Dumpster dive? I have wanted to do that for ages but as yet I haven't been brave enough. 

 We holiday close to home as much as we can and walk the Bibbulmun Track. We live close to each other and walk to each other’s places. We try to work with each other for paid employment or on a project.  We raise chooks and rabbits, and include others from the community in this. We run community garden workshops.  We keep each other accountable through our use of time. We get milk straight from the cow and it’s stored in a pail in our neighbour's back fridge. We have to rush off to the neighbour's when we run out of milk, so we can fill up our 2 litre flagon.  We use our oven to heat and bake. We have solar panels etc... all the usual stuff, but we couldn’t do all this if we didn’t have community.

How can we support what's important to you?  

You can support us by continuing to do what you are doing in your locality, giving to TEAR regularly or giving Useful Gift presents to friends, advocating for the Micah Challenge etc.

Steve thank you for sharing your life with us, your wisdom and your time with us - oh and our imaginary, or maybe not so imaginary - cups of tea. It has been a refreshing conversation. You have given us much food for thought. Thank you!!! 

 Has anything stood out for you from this interview? We invite you to share your thoughts with us here - to keep the dialogue going. Feel free to share this interview far and wide - if you think it can make a difference. 

Peace and all good my simple living friends,

Asta x

( Asta is a TEAR Representative in her local church. You might like to be one too.)


  1. Great interview, Asta and Steve! Thanks for sharing. Very thought provoking. 'At my best I do things for others out of gratitude for what God has done for me. At worst I do things out of obligation, or anger, or insecurity and this is counterproductive.' Those last three motivators are killers, aren't they? Gratitude for God can be the only one!

    I looked into keeping rabbits once. This post has renewed the thought for me. Much to ponder.

    Dotti :)

  2. Interesting interview. Often we think we dont have enough but then something happens and we realise how much we really do have. (I noticed that recently being ill, facing some big bills and not being able to work for a bit but at the same time realise I have way more than I thought). At church we have people who grow different things and some have chooks and often on a Sunday we can share excess of foods like fruit, veg and someone often has eggs to share. I love this as I can share the fruit from the trees here that I really dont like but I really appreciate fresh eggs.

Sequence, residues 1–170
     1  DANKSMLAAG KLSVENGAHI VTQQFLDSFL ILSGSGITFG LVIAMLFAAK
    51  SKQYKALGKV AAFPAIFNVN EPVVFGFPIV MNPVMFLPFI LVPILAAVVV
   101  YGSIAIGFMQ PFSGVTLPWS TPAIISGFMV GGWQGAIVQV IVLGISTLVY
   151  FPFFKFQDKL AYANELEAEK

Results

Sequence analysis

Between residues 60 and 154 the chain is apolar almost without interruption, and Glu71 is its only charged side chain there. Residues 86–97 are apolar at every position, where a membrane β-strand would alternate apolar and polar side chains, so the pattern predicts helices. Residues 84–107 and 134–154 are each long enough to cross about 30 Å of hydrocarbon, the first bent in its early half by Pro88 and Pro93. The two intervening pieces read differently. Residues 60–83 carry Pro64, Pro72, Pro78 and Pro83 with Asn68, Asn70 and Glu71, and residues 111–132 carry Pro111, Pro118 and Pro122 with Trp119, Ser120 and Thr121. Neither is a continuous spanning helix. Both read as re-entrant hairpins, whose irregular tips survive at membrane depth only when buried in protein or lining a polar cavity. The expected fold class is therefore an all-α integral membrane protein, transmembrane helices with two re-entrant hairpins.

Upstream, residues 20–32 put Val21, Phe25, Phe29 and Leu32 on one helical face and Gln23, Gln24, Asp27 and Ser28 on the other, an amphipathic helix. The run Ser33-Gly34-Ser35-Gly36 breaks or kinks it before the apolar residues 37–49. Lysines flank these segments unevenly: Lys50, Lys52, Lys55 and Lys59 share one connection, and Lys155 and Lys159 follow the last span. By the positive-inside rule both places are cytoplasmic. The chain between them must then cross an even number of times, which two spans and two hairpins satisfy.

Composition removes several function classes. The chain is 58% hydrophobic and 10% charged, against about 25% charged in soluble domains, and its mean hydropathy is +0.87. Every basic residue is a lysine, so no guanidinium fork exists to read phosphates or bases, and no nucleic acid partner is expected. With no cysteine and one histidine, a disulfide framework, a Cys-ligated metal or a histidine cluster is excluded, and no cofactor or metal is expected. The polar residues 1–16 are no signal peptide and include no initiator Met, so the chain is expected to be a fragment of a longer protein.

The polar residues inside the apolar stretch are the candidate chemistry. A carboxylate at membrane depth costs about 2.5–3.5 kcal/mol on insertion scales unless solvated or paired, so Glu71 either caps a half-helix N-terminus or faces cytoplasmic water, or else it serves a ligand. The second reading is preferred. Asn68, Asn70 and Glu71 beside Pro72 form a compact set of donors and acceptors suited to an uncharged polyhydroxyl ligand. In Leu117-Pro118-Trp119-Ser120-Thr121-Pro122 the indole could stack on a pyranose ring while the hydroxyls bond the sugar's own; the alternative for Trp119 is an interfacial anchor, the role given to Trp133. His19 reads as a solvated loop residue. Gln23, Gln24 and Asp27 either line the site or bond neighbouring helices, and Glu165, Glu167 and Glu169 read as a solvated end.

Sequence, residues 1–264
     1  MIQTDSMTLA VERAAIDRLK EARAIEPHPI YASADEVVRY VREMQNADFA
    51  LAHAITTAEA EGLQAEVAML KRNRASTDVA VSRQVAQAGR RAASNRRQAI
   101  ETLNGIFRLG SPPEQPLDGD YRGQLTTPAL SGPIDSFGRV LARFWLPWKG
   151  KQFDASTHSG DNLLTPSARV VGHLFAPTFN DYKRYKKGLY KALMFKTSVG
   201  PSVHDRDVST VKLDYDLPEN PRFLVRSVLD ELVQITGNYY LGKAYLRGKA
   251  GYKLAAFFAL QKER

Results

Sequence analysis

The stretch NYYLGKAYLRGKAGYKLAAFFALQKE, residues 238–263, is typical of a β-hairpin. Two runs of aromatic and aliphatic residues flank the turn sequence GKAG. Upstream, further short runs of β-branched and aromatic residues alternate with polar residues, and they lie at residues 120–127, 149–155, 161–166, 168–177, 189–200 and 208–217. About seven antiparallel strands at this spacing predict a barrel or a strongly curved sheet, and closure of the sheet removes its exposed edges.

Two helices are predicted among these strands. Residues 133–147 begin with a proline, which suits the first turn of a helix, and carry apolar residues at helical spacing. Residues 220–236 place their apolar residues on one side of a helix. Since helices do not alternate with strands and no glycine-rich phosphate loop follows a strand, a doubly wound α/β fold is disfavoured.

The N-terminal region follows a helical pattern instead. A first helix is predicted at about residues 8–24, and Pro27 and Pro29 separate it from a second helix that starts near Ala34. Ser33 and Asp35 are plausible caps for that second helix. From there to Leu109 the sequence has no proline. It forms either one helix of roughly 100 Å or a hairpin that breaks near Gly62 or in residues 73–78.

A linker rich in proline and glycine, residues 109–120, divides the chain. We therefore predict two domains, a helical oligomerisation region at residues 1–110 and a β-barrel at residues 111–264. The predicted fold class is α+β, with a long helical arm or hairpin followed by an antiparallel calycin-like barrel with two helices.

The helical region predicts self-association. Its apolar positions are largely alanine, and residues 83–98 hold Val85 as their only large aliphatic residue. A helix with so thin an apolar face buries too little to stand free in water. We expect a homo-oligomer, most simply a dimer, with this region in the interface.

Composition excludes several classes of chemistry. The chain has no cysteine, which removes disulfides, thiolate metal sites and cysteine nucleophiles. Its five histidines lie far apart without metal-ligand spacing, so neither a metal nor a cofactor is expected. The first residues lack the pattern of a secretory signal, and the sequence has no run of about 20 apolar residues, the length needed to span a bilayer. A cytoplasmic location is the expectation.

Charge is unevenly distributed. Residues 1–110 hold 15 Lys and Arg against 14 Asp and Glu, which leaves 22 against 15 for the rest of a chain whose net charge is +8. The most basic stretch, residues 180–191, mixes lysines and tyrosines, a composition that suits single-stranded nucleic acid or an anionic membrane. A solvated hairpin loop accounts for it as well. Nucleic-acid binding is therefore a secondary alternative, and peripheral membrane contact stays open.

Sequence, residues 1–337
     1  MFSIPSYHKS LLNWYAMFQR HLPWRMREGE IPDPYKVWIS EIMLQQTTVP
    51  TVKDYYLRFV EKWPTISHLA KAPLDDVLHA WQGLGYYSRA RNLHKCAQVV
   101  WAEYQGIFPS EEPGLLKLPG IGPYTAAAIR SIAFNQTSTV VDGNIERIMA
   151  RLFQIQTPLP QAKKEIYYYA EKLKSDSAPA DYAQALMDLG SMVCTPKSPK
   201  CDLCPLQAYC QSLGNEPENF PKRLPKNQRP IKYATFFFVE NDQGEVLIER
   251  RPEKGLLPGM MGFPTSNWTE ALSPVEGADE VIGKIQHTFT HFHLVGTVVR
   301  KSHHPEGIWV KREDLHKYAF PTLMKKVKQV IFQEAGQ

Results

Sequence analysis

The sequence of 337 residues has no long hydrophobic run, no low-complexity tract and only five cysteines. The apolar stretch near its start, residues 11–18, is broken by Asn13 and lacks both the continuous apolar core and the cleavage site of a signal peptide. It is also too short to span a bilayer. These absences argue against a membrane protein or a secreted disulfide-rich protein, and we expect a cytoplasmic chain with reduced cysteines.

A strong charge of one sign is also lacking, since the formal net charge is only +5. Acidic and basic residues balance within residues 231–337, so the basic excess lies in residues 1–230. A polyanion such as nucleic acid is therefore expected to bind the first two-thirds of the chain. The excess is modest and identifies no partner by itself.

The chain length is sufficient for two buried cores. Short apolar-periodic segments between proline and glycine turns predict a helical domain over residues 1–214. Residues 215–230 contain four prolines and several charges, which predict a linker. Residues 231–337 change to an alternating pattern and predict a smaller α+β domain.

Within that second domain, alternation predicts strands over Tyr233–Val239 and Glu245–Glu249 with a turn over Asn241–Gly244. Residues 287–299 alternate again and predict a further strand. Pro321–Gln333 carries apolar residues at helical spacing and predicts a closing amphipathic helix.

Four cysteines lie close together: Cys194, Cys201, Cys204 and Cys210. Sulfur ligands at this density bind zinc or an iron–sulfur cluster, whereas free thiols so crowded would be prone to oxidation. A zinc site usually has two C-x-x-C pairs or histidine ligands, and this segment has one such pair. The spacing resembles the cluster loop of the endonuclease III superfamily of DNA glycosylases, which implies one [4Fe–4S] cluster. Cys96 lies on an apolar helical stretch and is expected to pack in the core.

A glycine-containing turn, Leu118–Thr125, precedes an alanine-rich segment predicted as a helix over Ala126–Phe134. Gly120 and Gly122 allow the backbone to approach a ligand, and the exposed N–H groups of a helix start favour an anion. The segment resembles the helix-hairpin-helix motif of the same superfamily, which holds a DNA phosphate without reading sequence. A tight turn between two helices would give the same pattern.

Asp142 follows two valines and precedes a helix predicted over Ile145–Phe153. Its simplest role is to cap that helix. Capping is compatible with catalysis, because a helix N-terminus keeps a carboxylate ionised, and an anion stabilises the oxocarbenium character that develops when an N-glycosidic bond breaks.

3. Great interview! I really wish I could comment under your blog, still not sure why I can't. Bah, technology. I read it while I was feeding maeve and I noticed how relaxed I was after, even though his words were often quite charged and visually stimulating. I'm still mulling over the "aren't you a Christian " part. - this message is from my friend Kate Forman Ortiz. (left on FB)

  4. Thanks Asta, :)

  5. Thank you Dotti, Jenny, Kate and Annon for your comments. I appreciate it so very, very much. I'm glad you have enjoyed the interview and perhaps been left with something to chew around in your mind. A x

  6. Great interview. Steve is certainly an inspiration.

    1. Thanks Love for taking the time to read and comment. A x

  7. Nice stuff, Asta!

  8. Thanks for the thought-provoking interview, Steve and Asta. I have a lot to churn around in my mind. I especially like the idea of a community garden. It's wonderful to hear of people walking the walk as well as talking the talk.

    1. Yes Paula - there is real integrity in Steve's choice of lifestyle. It certainly challenges me. I remember visiting the community garden in St Kilda in Victoria and feeling really excited by the concept. - A x

  9. A lot to think about there.

    1. Thanks for leaving a comment Dale. Yes Steve's given us much to consider. I really like that. I find that there are one or two things that keep playing on my mind though - like Erica killing her own meat. I have been thinking lately that I shouldn't eat meat because I can't kill it - that as long as it doesn't look like meat (all neatly packaged in Coles) then I can pretend it wasn't an animal. Surely there is real respect for the animal's life if you kill it with thanksgiving and reverence... Hmmmm Challenging.

  10. Lovely to read about another Aussie taking simple living as a radical lifestyle choice. I appreciate how simple living, in Steve and his tribe's case, isn't just about recylcing etc but about their perspective on a global situation. It's always good to have friends and family around us to question us, challenge us to keep questioning and thinking they whys and hows of the way we live and respond to the needs we know about. TEAR Australia is an organisation committed to this and one of the reasons we served with them overseas for a time.
    Many thanks to Asta and Steve for this glance into what is possible, the nurture and support available from community and the challenge to remember the poor.

    1. This comment has been removed by the author.

    2. oops - spelling error so I'm starting again...
      Ah Penny no wonder we get on so well, the more we get to know each other the more we seem to have in common. Yes - I see simple living as as you say - 'a radical lifestyle choice'. It is funny that some are bamboozled by my full life when I have recently given up my paid work. When I tell them what my lifestyle choice involves they then say - 'Oh it is really quite complex isn't it.' Simple isn't all that simple to live, but it is so fulfilling. A x

    3. I admit that I probably don't appear very radical when people view my life, but I hope to keep my heart open to what God wants me to learn and to think through how I can live my life according to his culture rather than just accept the norm that surrounds me.
      And yes, Asta, we do get on well. :)

  11. Great interview Asta. Steve is a great guy (and his family) thanks for getting his story out there to challenge and encourage the rest of us.

    Andrew Broadbent